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Liberty Horsemanship

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    03-16-2013, 08:43 PM
Originally Posted by PunksTank    
learned that if he (my 9 hand 450 pound pony) took his halter and swung it at my 1350 pound draft mare - she'd run away. He thought this was just hilarious until she grabbed her halter and swung it at him. Luckily both of them are dumb enough to drop their halters after the first 'throw'. So now, every day I come home and find two halters in the middle of the barn floor. -.-'
But I never taught my mare anything to do with touching or grabbing her halter, she definitely learned that from him.
That's hilarious... & would make a great act - teach them to lunge eachother! I'm going to have a go! Yup, examples like that make me not so sure of my last comments! Not that I've found it the case with my horses - I taught my boy to get his halter & he does when he sees me or hears me coming to the paddock, but pony hasn't ever done so. With the big 'soccer ball', the horse likes to push it with his nose & the pony likes to bite it & climb on it. Had to actively teach them to do what eachother does.
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    03-21-2013, 11:47 PM
Saranda, I actually tried to teach Nohea to back up by having my mother's horse back up as an example, but Maverick is a bully and Nohea is always tense around him. I think he was more willing to pay attention to Luke because they are both lower in the pecking order and get along well. :)
    03-22-2013, 03:01 AM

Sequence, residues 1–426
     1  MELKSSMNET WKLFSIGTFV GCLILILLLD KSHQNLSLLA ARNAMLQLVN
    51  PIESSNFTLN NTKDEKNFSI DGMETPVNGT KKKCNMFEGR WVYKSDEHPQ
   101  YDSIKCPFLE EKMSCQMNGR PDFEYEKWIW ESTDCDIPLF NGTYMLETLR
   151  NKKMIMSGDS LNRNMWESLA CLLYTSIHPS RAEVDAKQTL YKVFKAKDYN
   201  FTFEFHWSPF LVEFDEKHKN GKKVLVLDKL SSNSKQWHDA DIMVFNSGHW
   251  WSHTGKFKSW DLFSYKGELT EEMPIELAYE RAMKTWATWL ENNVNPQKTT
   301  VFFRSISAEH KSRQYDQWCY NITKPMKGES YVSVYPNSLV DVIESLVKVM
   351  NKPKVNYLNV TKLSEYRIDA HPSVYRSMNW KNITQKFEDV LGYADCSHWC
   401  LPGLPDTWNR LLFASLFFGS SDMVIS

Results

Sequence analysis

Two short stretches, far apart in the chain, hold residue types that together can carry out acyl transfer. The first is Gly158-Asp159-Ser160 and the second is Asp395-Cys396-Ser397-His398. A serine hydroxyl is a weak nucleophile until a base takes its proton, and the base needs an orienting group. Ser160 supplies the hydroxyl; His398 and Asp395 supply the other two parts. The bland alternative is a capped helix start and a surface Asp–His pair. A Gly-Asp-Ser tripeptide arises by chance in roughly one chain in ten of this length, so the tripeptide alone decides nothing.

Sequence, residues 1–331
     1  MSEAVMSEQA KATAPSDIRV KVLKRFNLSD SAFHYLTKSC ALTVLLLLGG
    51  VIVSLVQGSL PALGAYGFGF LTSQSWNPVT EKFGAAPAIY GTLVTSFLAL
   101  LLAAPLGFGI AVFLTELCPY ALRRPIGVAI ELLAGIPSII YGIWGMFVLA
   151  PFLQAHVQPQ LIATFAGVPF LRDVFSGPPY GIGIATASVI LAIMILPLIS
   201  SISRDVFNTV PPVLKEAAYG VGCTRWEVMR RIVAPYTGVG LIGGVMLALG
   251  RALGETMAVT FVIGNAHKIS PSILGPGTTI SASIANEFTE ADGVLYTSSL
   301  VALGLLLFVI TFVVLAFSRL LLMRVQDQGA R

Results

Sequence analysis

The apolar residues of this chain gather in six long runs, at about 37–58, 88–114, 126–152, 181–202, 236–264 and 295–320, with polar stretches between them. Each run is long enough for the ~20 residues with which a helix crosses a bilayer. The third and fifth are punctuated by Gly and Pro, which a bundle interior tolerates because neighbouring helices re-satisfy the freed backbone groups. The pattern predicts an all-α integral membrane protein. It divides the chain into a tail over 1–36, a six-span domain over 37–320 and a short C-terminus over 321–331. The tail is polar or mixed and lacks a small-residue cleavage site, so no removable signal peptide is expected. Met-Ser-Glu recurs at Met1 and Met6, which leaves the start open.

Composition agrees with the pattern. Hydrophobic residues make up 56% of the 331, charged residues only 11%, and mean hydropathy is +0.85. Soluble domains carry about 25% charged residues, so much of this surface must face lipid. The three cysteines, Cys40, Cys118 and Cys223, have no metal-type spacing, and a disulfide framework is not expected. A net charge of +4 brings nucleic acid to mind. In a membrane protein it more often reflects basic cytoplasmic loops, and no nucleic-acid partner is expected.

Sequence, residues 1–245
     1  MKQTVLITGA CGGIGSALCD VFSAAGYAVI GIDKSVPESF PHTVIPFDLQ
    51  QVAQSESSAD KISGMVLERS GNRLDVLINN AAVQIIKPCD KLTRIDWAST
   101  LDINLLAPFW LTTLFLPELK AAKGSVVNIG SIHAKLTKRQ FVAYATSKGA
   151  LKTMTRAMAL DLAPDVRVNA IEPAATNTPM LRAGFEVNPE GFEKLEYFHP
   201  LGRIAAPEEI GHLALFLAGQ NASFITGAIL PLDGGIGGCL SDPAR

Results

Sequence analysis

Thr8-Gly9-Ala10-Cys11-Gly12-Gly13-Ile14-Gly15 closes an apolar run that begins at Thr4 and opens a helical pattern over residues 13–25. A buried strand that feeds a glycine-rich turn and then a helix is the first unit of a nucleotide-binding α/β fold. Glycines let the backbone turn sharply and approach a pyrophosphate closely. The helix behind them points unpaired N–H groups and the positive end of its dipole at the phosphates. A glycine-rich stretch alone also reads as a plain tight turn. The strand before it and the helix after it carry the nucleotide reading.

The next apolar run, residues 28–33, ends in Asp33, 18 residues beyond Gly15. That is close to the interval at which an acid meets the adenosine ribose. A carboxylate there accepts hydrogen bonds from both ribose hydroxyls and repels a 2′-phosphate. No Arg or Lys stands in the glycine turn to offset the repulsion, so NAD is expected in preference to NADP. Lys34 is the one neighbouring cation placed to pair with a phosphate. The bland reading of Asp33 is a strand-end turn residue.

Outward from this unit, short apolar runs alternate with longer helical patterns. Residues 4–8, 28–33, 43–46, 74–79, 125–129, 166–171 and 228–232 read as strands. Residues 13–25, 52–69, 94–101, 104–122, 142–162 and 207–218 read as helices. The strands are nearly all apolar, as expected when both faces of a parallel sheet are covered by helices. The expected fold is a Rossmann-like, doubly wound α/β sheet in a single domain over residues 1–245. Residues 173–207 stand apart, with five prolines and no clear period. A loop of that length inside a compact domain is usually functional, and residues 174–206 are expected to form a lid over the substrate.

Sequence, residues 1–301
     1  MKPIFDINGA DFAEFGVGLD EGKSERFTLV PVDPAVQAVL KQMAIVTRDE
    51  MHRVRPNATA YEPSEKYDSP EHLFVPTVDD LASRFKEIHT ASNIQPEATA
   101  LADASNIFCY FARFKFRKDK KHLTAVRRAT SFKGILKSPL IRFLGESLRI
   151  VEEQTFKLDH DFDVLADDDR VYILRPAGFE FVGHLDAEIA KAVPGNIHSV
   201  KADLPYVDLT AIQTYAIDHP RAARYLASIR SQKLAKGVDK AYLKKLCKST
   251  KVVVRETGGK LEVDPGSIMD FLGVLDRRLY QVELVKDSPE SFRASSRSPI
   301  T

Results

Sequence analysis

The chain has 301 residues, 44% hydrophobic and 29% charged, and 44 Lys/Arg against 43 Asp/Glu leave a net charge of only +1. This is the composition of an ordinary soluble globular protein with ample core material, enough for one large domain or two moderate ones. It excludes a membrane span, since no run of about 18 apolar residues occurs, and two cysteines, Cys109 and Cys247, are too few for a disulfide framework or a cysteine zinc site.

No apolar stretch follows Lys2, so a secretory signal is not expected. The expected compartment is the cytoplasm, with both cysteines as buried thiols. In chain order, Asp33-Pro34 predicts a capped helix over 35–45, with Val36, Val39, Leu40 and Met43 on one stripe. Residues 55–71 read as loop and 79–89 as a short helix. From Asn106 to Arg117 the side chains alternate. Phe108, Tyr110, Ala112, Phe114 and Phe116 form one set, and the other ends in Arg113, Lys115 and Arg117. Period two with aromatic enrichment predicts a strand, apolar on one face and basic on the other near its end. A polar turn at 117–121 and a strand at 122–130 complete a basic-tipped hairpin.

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Does your herd have a leading horse? Not a dominating bully type, but a wise, silent leader - usually it's an experienced mare who is able to control the movement, grazing and other activities of a herd by a sole gaze. Horses tend to follow the leaders naturally and as such the leaders are much better to teach others something. When I use this method, I choose a horse who is in a leading position above the one I want to show something to, for example - to teach my dominant bully the Spanish walk, I did it with the lead mare in front of him, to show something to a timid, passive horse in the lower pecking order, I did it with a calm horse who is above him, yet not too dominating and not feared, etc. These learning pairs have to be matched to work, methinks, and it is a good thought to bond such horses by taking walks with both of them in trails or just hanging around together - for example, keeping one of them in the arena while working with the other, feeding together, going on a trail ride on one and ponying the other along, etc. Of course, in order for the horses to bond better, the human involved has to be a good leader himself - basically, it is a making of a micro herd.

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